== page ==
When BMW and Daimler announced a €1bn (£880m) partnership last week to develop a suite of “mobility services” together, it was a clear sign of how the auto industry had changed.
For one thing, the German giants – who plan to work on driverless vehicles, ride-hailing, and pay-per-use cars together – are normally fierce rivals who would never dream of teaming up.
For another, their pact was just the latest in a growing line of partnerships between traditional carmakers who are preparing for an uncertain future, in which next-generation technology could upend the industry and Silicon Valley could hold more sway than Detroit or Wolfsburg.
Just recently Ford and Volkswagen agreed to “investigate” ways of working on electric and autonomous vehicles together, while Honda invested $2.75bn (£2.1bn) in rival General Motors’ driverless unit with a view to launching a fleet of unmanned taxis.
There have been similar tie-ups between Tesla and Daimler, and Volvo and PSA, as well as a host of pacts between carmakers and tech firms.
What is going on?
“Nobody knows what the future of mobility is going to be exactly, so people are getting together to lower the risk,” says Prof Peter Wells, director of the Centre for Automotive Industry Research at Cardiff Business School.
He expects electric cars, ride sharing and autonomous driving to radically change how we use cars, eventually prompting a fall in car ownership.
So traditional carmakers are having to fight to remain relevant, particularly as tech companies like ride-hailing firm Uber and Google’s driverless car business Waymo overtake them.
“The research and development to develop these new technologies also costs billions, so it makes sense to share the burden rather than duplicating,” he says.
“The problem for the industry is that it is struggling to afford its own future.”
Some of the partnerships between carmakers have included commitments to working on electric vehicle technology – although sharing in this area still proves difficult for many given the competitive nature of the industry.
Electric cars still account for only a fraction of vehicles on our roads but that is expected to change over the next five years as regulators crack down on vehicle emissions levels from petrol and diesel cars.
The problem, says David Leggett, editor of Just-Auto magazine, is that traditional carmakers “haven’t really changed the way they make cars for 100 years” and are having to overhaul their production processes fast.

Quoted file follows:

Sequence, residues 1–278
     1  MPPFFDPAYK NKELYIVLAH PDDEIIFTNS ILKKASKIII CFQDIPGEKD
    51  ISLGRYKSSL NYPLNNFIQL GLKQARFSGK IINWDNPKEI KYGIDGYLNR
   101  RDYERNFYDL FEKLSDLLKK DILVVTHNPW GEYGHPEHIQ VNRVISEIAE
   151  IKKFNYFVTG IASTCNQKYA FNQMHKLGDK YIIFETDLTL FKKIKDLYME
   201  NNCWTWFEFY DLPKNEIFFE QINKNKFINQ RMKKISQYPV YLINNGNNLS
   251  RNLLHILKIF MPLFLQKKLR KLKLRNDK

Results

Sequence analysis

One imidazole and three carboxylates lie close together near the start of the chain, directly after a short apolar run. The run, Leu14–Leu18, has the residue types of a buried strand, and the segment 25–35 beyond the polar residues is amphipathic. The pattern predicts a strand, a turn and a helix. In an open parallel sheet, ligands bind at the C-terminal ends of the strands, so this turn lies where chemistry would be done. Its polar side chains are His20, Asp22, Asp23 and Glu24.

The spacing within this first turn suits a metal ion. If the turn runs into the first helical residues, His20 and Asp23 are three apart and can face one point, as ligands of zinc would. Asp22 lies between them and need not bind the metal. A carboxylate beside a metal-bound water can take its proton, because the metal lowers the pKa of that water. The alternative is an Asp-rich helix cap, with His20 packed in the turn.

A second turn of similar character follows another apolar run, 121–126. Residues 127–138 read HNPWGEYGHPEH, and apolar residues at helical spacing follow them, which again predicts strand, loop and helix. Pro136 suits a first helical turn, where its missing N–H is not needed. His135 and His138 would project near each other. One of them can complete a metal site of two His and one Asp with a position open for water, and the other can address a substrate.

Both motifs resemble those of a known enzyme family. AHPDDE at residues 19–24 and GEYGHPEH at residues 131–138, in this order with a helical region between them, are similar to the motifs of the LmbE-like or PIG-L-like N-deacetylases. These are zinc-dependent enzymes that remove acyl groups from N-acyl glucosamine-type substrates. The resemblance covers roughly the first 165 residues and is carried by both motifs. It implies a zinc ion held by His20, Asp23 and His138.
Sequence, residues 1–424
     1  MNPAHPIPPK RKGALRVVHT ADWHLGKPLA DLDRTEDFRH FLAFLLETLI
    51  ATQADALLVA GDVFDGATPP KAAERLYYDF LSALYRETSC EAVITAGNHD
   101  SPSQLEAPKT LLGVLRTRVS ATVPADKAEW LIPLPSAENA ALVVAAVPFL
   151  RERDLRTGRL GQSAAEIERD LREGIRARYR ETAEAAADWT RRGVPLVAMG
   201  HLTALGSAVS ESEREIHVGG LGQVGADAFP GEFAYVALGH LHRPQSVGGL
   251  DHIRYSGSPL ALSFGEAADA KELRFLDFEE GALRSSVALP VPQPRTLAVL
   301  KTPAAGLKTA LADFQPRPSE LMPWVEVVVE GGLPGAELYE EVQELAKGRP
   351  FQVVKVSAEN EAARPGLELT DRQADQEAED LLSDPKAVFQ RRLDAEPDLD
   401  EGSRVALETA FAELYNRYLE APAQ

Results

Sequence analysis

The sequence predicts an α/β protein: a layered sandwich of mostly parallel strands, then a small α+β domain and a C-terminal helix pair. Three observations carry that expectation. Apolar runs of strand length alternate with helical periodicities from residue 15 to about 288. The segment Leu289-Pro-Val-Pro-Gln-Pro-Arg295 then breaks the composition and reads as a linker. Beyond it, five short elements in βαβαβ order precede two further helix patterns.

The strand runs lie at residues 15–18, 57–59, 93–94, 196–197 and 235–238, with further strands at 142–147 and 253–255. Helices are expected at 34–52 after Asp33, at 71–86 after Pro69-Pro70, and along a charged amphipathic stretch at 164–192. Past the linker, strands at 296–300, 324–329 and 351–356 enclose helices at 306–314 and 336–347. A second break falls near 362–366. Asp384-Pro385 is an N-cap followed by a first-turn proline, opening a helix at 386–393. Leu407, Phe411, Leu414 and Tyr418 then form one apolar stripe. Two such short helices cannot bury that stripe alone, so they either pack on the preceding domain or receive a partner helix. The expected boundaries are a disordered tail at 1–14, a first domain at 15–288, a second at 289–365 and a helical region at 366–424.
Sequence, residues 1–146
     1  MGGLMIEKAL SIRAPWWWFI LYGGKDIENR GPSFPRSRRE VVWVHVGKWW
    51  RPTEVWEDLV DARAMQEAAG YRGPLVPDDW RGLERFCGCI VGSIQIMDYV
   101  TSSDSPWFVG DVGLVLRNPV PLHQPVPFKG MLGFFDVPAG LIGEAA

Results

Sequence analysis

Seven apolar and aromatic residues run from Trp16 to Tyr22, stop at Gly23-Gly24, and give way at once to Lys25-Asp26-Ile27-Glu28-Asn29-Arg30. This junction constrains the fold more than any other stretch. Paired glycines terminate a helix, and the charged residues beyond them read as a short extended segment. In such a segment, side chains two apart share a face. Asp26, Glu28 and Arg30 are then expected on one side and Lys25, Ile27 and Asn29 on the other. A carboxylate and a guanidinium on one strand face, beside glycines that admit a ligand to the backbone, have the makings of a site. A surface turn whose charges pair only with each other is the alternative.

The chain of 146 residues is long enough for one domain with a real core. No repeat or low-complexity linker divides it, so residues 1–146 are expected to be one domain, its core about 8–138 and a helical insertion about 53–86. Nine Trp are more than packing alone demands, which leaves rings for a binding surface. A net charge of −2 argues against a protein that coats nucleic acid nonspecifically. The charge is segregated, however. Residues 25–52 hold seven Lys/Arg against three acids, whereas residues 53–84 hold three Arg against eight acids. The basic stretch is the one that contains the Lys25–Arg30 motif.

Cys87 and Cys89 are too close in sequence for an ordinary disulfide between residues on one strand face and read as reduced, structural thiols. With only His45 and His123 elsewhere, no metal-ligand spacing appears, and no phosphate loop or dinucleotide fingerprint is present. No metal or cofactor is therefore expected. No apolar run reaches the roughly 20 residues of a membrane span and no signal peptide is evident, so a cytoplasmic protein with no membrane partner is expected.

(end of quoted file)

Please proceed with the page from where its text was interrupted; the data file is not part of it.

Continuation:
“The main challenge is that the technology is costly. It’s a tall order to make batteries that are cheap enough and perform well enough to compete with petrol engines,” he says.
The danger, he says, is new players coming in who can be radically different in how they make and sell cars or transport services.
Perhaps the best example is US firm Tesla, led by Elon Musk, which in little over 15 years has become the world’s number one manufacturer of plug-in passenger cars.
The Chinese are also making huge strides in developing electrics, backed by generous subsidies from the Chinese government.
A ride-sharing, driverless future?
Perhaps the bigger threat driving carmakers to team up is that car ownership could fall, as driverless vehicles take off and we increasingly opt to rent or borrow cars rather than buy them.
The Boston Consulting Group estimates that nearly a third of the miles that Americans will rack up on roads by 2030 will be in electrified, autonomous vehicles operated by ride-sharing services.
“Even now it’s not that financially sensible to own a car – it’s stationary 95% of the time and quickly loses its value,” says Prof Wells. “But once car sharing takes off it will take the cost out of travel per mile and ownership will seem less appealing.”
To prepare themselves, most major carmakers have launched some form of mobility services programme while ploughing cash into driverless cars – either independently or in partnership.
For example, Daimler will merge its Car2Go car-sharing service with a range of mobility services operations at BMW – including an Uber-style ride-sharing service and a route management app that lets you plan and book entire trips using cars, public transport and even scooters.
It’s aimed at challenging the likes of Uber and Waymo, although many car firms have sought to partner with the tech challengers too. Toyota, for instance, invested $500m in Uber last year and chipmaker Nvidia is working with VW among others on areas such as artificial intelligence in cars.
“There were lots of fears about tech firms taking over the industry, but this has receded a bit as tech firms see how difficult it is to make cars,” says Prof Wells.
“Look at Tesla – it’s only just started to make a profit after 15 years in operation. It’s not an easy industry to make money in.”
What happens next?
While more and more car firms are teaming up, their agreements are rarely exclusive or involve cross ownership. They also tend to collaborate only in certain areas, while remaining competitors in others.
Mr Leggett doubts we will see any full-blown mergers between car brands in the coming years, even if there is the temptation to do so.
“The car industry is littered with failed takeovers. The costs of aligning the production processes and marketing are simply too big.”
He instead expects to see more “rationalisation”, with carmakers pulling out of unprofitable markets and forging more strategic pacts in the vein of Daimler and BMW.
Car firms that fail to adapt will face an uncertain future, however.
“At the end of the day, if a company is losing a lot of money it is difficult to carry on as it is,” Mr Leggett says. “Traditional carmakers will get left behind if they haven’t grasped the nettle of new technology.”